Each session should last an hour
• Short, regular sessions can be much more effective than grim half-day slogs in the weights room. “‘Hypertrophy Specific Training’ (HST) is a focused approach which works on what we would consider the minimal effective stimulus for muscle growth, in combination with training muscle groups more frequently,” explains Laidler. A sample six-week program of HST would be: two sets of three heavy lifts, repeated 3-4 times a week, with two weeks at 15 reps per set, two at 10 reps, and two at 5 reps. In this method, the muscle growth is triggered by the frequency – not the intensity or volume – of the workout. “With HST, you’ll hit muscle groups 3-4 times per week at the minimum effective stimulus for promoting growth. By minimum, Imean you only do two sets of each exercise per workout, so it’s relatively low volume but with a much higher frequency.”
Weights will make you agro
• Another common myth is that the spike in testosterone caused by weight training turns men into raging Hulks. But research in Frontiers in Psychologyhas shown that low to moderate-intensity resistance training has a powerful “anxiolytic” effect, which means it helps to reduce stress and anxiety. Additional research has shown that weight training boosts your mental focus and cognitive function, so you can strengthen your mind as well as your body.
You should only train one body part each day
Switching to full-body workouts can spark serious muscle growth. “There are many effective programs that use multiple muscle groups and total-body workouts, such as the ‘15×4 program’,” says Laidler. This involves performing 15 sets of 4 reps of different exercises – each of which hits a separate body part – so you work your arms, back, shoulders, chest and legs on the same day. “Muscle growth is triggered not by the intensity or maximal peak of the workout, but by the overall cumulative load on the body.”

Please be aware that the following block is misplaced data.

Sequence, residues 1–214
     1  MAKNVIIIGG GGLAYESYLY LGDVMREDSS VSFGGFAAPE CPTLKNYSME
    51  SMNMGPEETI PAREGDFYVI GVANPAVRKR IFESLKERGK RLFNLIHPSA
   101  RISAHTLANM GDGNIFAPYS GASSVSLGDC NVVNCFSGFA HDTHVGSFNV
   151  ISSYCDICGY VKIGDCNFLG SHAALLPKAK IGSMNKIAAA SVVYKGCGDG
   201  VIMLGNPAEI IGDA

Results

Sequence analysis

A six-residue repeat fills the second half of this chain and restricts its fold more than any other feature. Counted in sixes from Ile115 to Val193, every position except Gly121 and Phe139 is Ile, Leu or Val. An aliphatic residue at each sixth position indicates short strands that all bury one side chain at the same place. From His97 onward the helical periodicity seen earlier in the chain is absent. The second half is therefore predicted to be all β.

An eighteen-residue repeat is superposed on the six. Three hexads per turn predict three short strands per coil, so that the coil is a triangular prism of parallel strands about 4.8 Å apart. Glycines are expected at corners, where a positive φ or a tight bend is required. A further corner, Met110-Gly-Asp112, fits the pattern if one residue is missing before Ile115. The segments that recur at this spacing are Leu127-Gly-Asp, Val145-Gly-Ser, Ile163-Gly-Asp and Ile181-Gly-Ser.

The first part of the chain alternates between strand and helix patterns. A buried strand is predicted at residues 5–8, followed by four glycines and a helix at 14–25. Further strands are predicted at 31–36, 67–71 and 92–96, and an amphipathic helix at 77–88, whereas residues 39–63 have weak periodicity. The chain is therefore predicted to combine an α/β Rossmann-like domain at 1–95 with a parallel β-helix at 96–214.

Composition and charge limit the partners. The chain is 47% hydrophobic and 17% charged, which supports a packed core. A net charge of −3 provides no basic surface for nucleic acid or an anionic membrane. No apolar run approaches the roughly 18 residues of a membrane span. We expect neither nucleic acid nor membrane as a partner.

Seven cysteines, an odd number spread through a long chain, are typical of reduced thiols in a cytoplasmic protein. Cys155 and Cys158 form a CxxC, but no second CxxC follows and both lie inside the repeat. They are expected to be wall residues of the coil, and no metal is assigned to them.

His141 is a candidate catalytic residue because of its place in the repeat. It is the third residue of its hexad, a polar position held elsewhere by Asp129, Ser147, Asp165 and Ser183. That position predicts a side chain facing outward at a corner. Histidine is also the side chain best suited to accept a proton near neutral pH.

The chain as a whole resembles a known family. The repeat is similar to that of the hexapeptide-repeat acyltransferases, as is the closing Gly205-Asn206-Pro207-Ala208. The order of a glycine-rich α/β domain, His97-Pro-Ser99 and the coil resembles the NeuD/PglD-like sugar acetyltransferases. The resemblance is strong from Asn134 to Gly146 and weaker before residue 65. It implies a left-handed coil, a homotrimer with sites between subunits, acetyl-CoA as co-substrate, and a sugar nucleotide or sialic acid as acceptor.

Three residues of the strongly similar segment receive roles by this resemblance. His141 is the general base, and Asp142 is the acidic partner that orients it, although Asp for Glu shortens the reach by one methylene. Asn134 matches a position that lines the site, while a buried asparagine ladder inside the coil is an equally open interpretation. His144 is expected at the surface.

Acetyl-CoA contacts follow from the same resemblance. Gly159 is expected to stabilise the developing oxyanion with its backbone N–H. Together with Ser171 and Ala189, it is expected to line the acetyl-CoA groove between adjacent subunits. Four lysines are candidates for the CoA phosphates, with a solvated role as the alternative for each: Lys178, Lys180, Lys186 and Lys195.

Weight training is bad for your tendons and joints
Don’t believe the rumours that gym training is bad for your connective tendons and joints. A review in the International Journal of Sports Physical Therapy confirmed that strength training actually increases the number and diameter of collagen fibrils in the tendons to make them stronger and more injury-resistant. And research in Isokinetics and Exercise Science showed that strength training improves and preserves joint flexibility to make you more mobile and dynamic.
You must lift at least 6-10 reps
“This isn’t true,” explains Laidler. “It all depends on whether your workouts keep you in a state of ‘over-reaching.’” To over-reach, you need to make small gains in progress each time, whether by lifting heavier weights or achieving a higher intensity, volume or overall load. “If you are working hard enough, you could gain muscle by doing just five reps,” says Laidler. Those shorter reps should involve heavier lifts with longer 3-4 minute rest intervals.
Weights will wreck your back
Weightlifting helps to prevent more spinal injuries than it causes. Most back injuries are the result of poor form, bad advice or swollen egos. But the truth is that weight training stimulates the development of bone osteoblasts – the cells which build bones – to help strengthen your back. Research published in the Journal of Strength and Conditioning Research confirmed that weight training actually improves the lumbar spine and hip bone density of competitive athletes. ■